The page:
Performer: Los Lonely Boys
Songwriters: Henry Garza, Jojo Garza, Ringo Garza
Original Release: Los Lonely Boys
Definitive Version: None, although I’d be inclined to say the version from Austin City Limits in 2004, except I can’t find it anywhere.
OK, enough heaviness for a while.
As I’ve mentioned, I’m not a huge TV watcher. I’d say that since I moved to Chicago in 2005, maybe 75 percent of the time that I’ve had the TV on during that time, I’ve had it on to watch a video or DVD, and 75 percent of the time that it was on live TV, it was on sports. In other words, I don’t watch shows.
But TV has played a huge role for me in terms of music. My two biggest musical discoveries—The Who and Pearl Jam—came through TV. MTV, of course, was a must have—and must have on—back in the day. But even recently I’ve found new music through TV.
Take this song for example. I was still enough in touch with current music in January 2004 that I knew who Los Lonely Boys were although I hadn’t heard any of their music. I knew that they were a hot buzz band with a debut album coming soon.
As it happened, I was in Columbus for a job interview at about that time. I don’t want to reveal what the job was just yet, because this was something that I had stumbled across in fall 2003, and I’d rather present it in proper order. Let’s just say that it was for something that I was willing to change my plans of moving out to Los Angeles after I was done in Cleveland—or at least delay them.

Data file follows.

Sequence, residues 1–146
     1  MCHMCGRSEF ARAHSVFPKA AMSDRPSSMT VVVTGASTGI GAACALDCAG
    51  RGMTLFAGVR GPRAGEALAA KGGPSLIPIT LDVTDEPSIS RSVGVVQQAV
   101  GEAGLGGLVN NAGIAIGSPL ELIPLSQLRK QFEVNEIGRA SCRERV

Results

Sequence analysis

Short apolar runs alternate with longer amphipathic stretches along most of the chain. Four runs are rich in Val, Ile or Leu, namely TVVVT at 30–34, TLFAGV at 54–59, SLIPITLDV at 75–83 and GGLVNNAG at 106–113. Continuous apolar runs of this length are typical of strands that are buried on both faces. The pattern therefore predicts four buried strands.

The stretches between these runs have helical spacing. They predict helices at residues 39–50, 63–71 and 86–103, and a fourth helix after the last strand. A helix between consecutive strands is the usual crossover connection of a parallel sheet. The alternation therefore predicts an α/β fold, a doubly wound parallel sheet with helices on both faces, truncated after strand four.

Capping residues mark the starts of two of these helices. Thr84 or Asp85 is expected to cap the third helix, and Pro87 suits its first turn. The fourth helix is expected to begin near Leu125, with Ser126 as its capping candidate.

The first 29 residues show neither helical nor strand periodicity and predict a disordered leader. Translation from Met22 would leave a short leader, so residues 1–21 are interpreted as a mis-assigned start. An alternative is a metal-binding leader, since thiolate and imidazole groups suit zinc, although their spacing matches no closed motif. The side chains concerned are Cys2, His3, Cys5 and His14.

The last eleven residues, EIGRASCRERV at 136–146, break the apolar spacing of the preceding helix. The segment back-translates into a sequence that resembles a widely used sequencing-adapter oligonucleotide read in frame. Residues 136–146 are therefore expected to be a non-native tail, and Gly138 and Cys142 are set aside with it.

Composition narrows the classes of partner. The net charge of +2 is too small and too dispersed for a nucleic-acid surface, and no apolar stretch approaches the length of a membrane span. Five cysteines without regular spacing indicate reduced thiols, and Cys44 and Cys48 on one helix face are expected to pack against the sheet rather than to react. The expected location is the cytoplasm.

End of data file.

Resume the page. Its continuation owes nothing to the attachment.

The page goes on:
I was staying at Dad’s, and Dad and Laura had just gone to bed while Casey was still out with his buds. So the TV was on, and I started to flip a bit before I retired to my computer and some online work. I hit PBS and saw that Austin City Limits was on, and I quickly deduced that the musical guest was Los Lonely Boys. Cool. I’ll watch a little bit and see what all the fuss is about.
Well, they promptly launched into a slow blues jam that after about the third minute began to boil. By the fifth minute, the guitar player was wailing, and I put the remote down. No more flipping. And by the time the song wrapped up after another 7 minutes or so, I picked up my jaw off the floor. THAT was something: It was Santana and Stevie and a little Jimi thrown in to boot, and now I definitely need to know more about these guys.
I quickly discovered through the power of the all-knowing Internet that the song I had just heard was in fact Onda from their debut album. But I was disappointed to learn that this was really the only song of its blazing-blues-rock ilk on there, so my desire to immediately buy the album waned.
But that one song … I had to have it, and it ended up being one of the big summer songs of 2004, the summer when I had the best job I ever had—and will ever have—in my life.